Claudia Seise is an independent writer and researcher with focus on Islam and art in Southeast Asia. She obtained her Bachelor Degree from the Humboldt University of Berlin, Germany in Asian and African Studies with focus on Southeast Asia. She has been writing for various magazines and newspapers, among others: Südostasien Magazine, Visual Arts Magazine, and Jakarta Post and has published a book on women’s micro-businesses in Indonesia. She currently lives and works in Yogyakarta, Indonesia.
When I was still a child I remember having dreams of how I found an old treasure or part of an old treasure. Usually I played in what seemed like a desert or at least a sandy ground, maybe it was just a sand pit.
While I played I saw something shiny and because of all the fairy tales I had been told, listened to or read myself, I knew what a shiny, golden twinkle meant. That was when I got all excited and hurried to dig up whatever shiny there was. The shiny something was gold coins, ready to be picked up by me. But each time I extended my hand, I, of course, awoke, disappointed that my good luck was yet another dream.
The same dream in different varieties reappeared throughout my childhood, puberty and early adulthood. Never was I able to actually pick up one of the gold coins in front of me in the sand.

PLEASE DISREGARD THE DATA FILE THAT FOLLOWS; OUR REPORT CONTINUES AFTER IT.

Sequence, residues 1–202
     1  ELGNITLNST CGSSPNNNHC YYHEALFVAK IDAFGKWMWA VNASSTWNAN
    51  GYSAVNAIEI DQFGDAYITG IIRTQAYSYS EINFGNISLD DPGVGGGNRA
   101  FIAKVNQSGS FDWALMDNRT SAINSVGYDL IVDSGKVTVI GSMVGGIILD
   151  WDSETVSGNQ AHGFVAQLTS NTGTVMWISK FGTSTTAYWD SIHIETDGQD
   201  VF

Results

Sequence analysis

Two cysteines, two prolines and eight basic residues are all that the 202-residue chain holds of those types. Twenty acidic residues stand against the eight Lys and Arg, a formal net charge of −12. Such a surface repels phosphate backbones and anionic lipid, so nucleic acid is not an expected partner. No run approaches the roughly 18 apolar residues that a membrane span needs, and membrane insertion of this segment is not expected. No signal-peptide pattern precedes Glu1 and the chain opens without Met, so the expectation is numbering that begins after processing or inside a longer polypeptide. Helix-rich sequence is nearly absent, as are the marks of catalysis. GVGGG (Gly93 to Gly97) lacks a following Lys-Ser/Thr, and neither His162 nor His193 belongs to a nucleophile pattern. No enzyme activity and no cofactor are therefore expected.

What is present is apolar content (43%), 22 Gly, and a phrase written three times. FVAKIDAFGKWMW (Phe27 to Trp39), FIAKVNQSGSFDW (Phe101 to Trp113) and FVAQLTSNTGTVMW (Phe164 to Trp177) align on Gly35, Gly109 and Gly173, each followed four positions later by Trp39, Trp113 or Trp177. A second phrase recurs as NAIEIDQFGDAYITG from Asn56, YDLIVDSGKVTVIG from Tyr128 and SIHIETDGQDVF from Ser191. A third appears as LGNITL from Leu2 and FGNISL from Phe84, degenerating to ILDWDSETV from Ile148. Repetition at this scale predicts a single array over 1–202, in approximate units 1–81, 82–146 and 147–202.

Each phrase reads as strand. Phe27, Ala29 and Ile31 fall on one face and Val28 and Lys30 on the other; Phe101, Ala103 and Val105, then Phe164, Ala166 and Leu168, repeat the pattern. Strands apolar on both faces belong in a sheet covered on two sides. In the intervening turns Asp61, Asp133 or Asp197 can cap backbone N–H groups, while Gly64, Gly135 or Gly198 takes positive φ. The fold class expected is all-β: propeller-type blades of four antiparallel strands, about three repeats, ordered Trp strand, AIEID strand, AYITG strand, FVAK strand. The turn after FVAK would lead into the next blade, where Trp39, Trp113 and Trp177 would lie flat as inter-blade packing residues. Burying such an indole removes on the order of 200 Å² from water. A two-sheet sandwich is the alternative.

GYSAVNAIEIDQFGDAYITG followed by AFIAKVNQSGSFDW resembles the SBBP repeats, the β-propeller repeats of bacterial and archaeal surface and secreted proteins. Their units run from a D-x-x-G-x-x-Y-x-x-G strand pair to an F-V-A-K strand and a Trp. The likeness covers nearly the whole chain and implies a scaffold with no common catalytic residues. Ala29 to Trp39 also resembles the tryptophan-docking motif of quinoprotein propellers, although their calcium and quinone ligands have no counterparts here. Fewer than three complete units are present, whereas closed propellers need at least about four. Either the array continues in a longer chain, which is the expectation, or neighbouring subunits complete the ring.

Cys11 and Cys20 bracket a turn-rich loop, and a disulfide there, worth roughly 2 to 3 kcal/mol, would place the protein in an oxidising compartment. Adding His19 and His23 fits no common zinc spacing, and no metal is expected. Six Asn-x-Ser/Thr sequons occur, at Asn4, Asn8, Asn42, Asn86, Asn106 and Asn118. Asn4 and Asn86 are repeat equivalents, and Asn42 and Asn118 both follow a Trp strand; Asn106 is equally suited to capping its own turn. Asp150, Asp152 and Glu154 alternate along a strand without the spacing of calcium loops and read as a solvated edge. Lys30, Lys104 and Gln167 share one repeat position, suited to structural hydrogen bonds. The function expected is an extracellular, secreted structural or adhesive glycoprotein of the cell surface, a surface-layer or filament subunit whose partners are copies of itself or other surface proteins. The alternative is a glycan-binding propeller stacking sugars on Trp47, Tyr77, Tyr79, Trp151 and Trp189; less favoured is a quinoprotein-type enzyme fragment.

Doha, Qatar – stopover for four hours. I wander around the small airport, looking at the expensive jewellery available to buy if one has the money for it. Gold bracelets, gold rings, watches, earrings. For a long time I stand by the counters looking, observing other customers and contemplating about the stable value gold has, but, unfortunately, no chance for me to buy the thinnest bracelet or the smallest ring. I had left Germany to go work in Southeast Asia. The couple of dollars in my pocket are just enough to keep me going the first few weeks before the first pay cheque comes through. Still, I can’t get enough of the shiny gold sparkling in the fake mall like light.
Actually this sudden interest for gold, besides my childhood treasure dream, was triggered by an amazing exhibition held in Berlin, Germany, which had displayed an almost vulgar amount of ancient gold from mostly Central Asia.
This incredible collection of gold jewellery and gold coins just got to me and I honestly thought what I was doing saving up pieces of paper with artificial numbers on it or even worse numbers on a superficial bank account, which I don’t even know if they are real in case I need them. I had to admit to myself that something touchable like the gold in the exhibition would be way more satisfactory.
Even though my ‘gold rush’ passed, it never really completely left my system.
Especially earning my first real money besides student job during high school, I became more and more concerned of what to do with my money – the little money I had. With gossip of another economic crisis just standing in front of our doors, my concerns slowly developed into some form of paranoia.